One unfortunate aspect of owning a business is that, from time to time, there will be a disagreement with another party — be it a client, employee, contracted partners or an outside organization — that can’t be resolved by any other means but a lawsuit.
In the oil industry, issues surrounding land use factor prominently into lawsuits. For example, disputes commonly arise over contracts for the operation of pipelines or the leasing of land where wells are located. Royalty income is another frequent focus of litigation, as royalty owners battle over the income to which they feel they’re entitled. In addition, oil and gas businesses continue to see a rise in legal matters related to environmental issues.
As different as these civil lawsuits are from one another, the legal process for each one plays out roughly the same. Litigation requires both parties to go through discovery, during which they gather any relevant files to respond to document requests and to support their side of the case. What was once a tedious task of gathering physical documents by hand, has evolved into a fully digital process that sweeps up a wide variety of data much more efficiently.
During electronic discovery (eDiscovery), these disparate forms of data are collected, processed, analyzed, filtered, reviewed and ultimately produced to opposing parties. If you’ve ever started this process from scratch, you know that it can be time-consuming, stressful and — if your company’s data isn’t well managed to begin with — fairly chaotic.
It’s true that for some companies, lawsuits only come around once in a while (if you’re lucky). But when the need for eDiscovery occurs, it doesn’t help anybody to handle it each time in the same haphazard, frantic way. In addition to putting unnecessary stress on your IT department to collect the necessary data, working on an accelerated time frame can result in data being lost or mishandled that might make the difference between winning or losing a case.
All of this can be avoided by taking a step back and thinking about eDiscovery instead as a long-term, standard business process. Assuming that you’ll be involved in one or more lawsuits during the life of your company — and chances are you will — it’s simply a smart business decision to establish a system that allows you to respond to eDiscovery needs more quickly and with the confidence that you have every relevant document available to use in your case.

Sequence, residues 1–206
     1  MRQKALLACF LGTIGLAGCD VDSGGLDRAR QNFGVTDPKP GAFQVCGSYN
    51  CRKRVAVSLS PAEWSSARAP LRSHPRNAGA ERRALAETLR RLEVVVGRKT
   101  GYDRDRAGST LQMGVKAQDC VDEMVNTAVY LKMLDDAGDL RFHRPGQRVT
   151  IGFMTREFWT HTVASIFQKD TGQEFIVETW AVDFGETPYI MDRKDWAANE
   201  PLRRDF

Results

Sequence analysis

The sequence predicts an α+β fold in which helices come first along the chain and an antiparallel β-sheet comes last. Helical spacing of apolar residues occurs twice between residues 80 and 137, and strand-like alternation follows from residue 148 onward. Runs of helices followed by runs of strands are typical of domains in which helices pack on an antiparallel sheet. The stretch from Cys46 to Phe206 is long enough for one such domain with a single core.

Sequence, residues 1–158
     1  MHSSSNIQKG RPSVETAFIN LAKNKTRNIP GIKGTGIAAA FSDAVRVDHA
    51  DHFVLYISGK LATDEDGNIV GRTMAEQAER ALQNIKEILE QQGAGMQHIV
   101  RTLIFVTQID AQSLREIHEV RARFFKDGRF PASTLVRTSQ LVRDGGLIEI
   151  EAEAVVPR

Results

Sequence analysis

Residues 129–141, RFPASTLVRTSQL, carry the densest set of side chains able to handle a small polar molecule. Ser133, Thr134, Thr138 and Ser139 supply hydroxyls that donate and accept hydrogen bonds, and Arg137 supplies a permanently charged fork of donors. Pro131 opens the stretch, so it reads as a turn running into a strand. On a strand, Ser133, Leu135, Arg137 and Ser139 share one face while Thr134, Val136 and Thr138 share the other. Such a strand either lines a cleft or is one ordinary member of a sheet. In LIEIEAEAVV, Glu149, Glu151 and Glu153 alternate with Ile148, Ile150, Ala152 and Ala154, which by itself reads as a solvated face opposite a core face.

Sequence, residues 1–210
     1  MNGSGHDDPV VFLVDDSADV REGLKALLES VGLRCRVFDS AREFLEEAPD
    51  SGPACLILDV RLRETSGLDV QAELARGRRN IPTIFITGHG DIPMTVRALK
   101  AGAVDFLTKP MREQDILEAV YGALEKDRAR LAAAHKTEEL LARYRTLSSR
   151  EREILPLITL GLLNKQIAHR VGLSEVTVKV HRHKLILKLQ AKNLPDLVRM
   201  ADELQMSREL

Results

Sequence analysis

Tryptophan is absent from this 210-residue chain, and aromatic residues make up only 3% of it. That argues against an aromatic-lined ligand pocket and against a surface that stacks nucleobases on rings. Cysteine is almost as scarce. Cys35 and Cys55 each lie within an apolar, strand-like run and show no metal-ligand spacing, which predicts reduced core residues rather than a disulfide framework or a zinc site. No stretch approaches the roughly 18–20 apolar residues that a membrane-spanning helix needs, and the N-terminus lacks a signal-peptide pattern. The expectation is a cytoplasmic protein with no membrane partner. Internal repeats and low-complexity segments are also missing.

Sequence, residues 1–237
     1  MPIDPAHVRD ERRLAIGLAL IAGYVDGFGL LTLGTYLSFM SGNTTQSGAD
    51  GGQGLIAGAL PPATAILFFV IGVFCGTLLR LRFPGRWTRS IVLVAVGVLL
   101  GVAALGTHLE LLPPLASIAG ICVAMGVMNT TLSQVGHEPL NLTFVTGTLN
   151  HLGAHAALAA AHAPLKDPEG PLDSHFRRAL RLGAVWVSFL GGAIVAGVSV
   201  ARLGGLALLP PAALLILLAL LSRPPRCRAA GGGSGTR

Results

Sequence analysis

Here’s how you can start creating a standard eDiscovery process:
1. Take stock of your situation
Taking on a company-wide standardized eDiscovery process may sound overwhelming. Particularly if you have multiple offices or have previously merged with another company, you may not have a good handle on what data even exists and where it’s located.
So, obviously, that’s the first step. In as detailed a way as possible, map out where your organization’s data is – what files are with what people and in what departments, when they were created or modified, and who has access to them. Go beyond what you might think is relevant — in addition to invoices, maintenance records, contracts and land-lease agreements, data including emails, voicemails, photos, videos, Slack messages, social media posts and even texts are all admissible in court.
Also outline your processes for managing litigation holds, the method by which your data will be collected and if you will do any initial filtering of your collected data. However, be cognizant of the time it might take. If you’re adding one or all of these tasks onto your IT department’s already heavy workload, consider whether it’s in your best interest to find a software solution and/or to hire an outside vendor to do the job.
2. Choose an effective eDiscovery platform